Towards the end of the year Leonardo began to design a decoration for the Great Hall of the Palazzo Vecchio. Leonardo chose the Battle of Anghiari as the subject of the mural, a victory for Florence in a war against Pisa. He made many drawings and sketches of a cavalry battle, with tense soldiers, leaping horses and clouds of dust. In painting The Battle of Anghiari Leonardo again rejected fresco and tried an experimental technique called encaustic. Once again the experiment was unsuccessful. Leonardo went on a trip and left the painting unfinished. When he returned he found that the paint had run and he never finished the painting. The paintings general appearance is known from Leonardo’s sketches and other artists’ copies of it (Creighton 45). During the period of time that Leonardo spent painting the Palazzo Vecchio he also painted several other works, including the most famous portrait ever, the Mona Lisa. The Mona Lisa, also known as La Gioconda, (after the presumed name of the model’s husband) became famous because of the unique expression on Lisa del Gioconda’s face. She appears to have just started to or finished smiling.
This painting was one of Leonardo’s favorites and he carried it with him on all of his subsequent travels (Clark 133). In 1506, Leonardo returned to Milan to finished up some of his projects that he had to abandon during his hasty departure. He stayed there until 1516 when he moved to Cloux, France, where he stayed with his pupil Melzi. While in Milan he was named Court Painter to King Louis XII of France, who was then residing in Milan. For the next six years he traveled from Milan to Florence repeatedly to look after his inheritance. In 1514 he traveled to Rome under the patronage of Pope Leo X. During this time Leonardo’s energy was focused mainly on his scientific experiments. He then moved to France to serve King Francis I. It is here in Chateau de Cloux that he died on May 2,1519 (Wallace 127). Leonardo constantly reworked his drawings, studies and mechanical theories. His observations of the motion of water are amazingly accurate. In Leonardo’s Studies of Water Formation, the flow patterns observed are swirling around , then below as it forms a pool. Using modern slow motion cameras’ scientists now study the same effects that Leonardo wrote about and observed with his naked eye (Encarta). Another study of water and wind is his Apocalyptic Visions.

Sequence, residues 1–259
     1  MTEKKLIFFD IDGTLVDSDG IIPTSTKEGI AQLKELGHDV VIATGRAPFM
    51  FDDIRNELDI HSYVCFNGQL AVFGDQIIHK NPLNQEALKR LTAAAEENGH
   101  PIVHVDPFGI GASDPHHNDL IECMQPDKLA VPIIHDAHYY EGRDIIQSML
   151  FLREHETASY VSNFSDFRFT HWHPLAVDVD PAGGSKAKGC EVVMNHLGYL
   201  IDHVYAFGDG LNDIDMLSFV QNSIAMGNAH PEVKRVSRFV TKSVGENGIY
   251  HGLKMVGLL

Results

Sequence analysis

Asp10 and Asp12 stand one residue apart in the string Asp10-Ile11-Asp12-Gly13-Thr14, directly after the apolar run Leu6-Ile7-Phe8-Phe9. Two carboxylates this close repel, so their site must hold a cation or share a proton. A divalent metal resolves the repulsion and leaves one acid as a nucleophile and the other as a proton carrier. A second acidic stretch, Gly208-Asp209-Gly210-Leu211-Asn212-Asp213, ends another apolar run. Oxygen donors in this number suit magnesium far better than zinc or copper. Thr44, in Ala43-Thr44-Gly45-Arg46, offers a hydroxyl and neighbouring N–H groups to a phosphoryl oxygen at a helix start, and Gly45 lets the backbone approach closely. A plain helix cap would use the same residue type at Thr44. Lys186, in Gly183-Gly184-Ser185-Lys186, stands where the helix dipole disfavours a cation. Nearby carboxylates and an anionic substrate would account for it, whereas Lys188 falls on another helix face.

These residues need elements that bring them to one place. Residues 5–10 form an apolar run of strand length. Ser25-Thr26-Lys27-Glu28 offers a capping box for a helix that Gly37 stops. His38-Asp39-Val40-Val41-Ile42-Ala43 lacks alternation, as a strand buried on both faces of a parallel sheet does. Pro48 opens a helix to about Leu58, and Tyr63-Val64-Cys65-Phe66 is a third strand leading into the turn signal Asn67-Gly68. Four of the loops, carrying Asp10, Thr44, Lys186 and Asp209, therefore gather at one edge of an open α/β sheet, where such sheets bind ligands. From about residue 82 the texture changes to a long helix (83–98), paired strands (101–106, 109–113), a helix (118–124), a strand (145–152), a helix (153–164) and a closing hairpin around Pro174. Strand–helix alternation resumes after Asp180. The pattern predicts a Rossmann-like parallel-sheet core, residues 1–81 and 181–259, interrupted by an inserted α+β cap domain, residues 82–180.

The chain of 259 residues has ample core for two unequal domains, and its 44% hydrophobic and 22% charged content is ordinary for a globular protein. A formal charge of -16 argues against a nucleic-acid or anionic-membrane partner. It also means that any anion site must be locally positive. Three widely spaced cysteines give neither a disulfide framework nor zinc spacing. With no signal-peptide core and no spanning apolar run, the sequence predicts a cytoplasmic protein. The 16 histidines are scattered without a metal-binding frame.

This is a collected study of hurricanes and storms. In these highly detailed drawings the pen lines so carefully marked explode into action similar to the storms themselves. Leonardo’s mathematical drawings are also highly skilled. In a math formula Leonardo proved the theory of perpetual motion false but it still intrigued him. Among his vast notes were small ideas for a perpetual motion machine. His ideas for completing this task involved an unbalanced wheel that would revolve forever, conserving its energy. However these machines were never constructed. Another mathematical drawing was the Polyhedron. This three dimensional figure represented proportions to him “not only in numbers and measurements but also in sounds, weights, positions and in whatsoever power there may be” (Wallace 59). The notebooks of Leonardo contain sketches and plans for inventions that came into existence almost five-hundred years after the Renaissance. Leonardo practiced a technique of writing backwards. It has been postulated that he did this, being left-handed, so that he wouldn’t smear the ink by his left hand running across newly-written words. Moreover, the individual words are spelled backwards. In order to read the Notebooks one must hold the pages up to a mirror and it is believed by some that Leonardo did this to keep his writing and theories secret. In any event, contained in the Notebooks are plans and drawings for what we recognize today as the first working propeller, a submarine, a helicopter, a tank, parachutes, the cannon, perpetual motion machines, and the rope ladder. There are perfectly executed drawings of the human body, from the proportions of the full figure to dissections in the most minute detail. It was observed, however, that Leonardo’s interest in the human body and his ability to invent mechanical things were actually not as paramount to him as was his fascination and awe of the natural world (Clark 133). Leonardo lived to be 67 years old. He is not known to have ever married or had children. In fact, it was said of him that he only saw women as “reproductive mechanisms” (Clark 134). If there is one quality that characterizes the life of Leonardo da Vinci it would be his curiosity for life and the world around him. Curiosity is the force that motivated him to observe, dissect and document every particle of matter that warranted his attention. From babies in the womb to seashells on the beach, nothing escaped his relentless intellect. The mind of Leonardo transcends the period of the Renaissance and every epoch thereafter. It is universally acknowledged that his imagination, his powers of reason, and his sheer energy surpass that of any person in history. The study of Leonardo is limited only by the inadequacy of the student.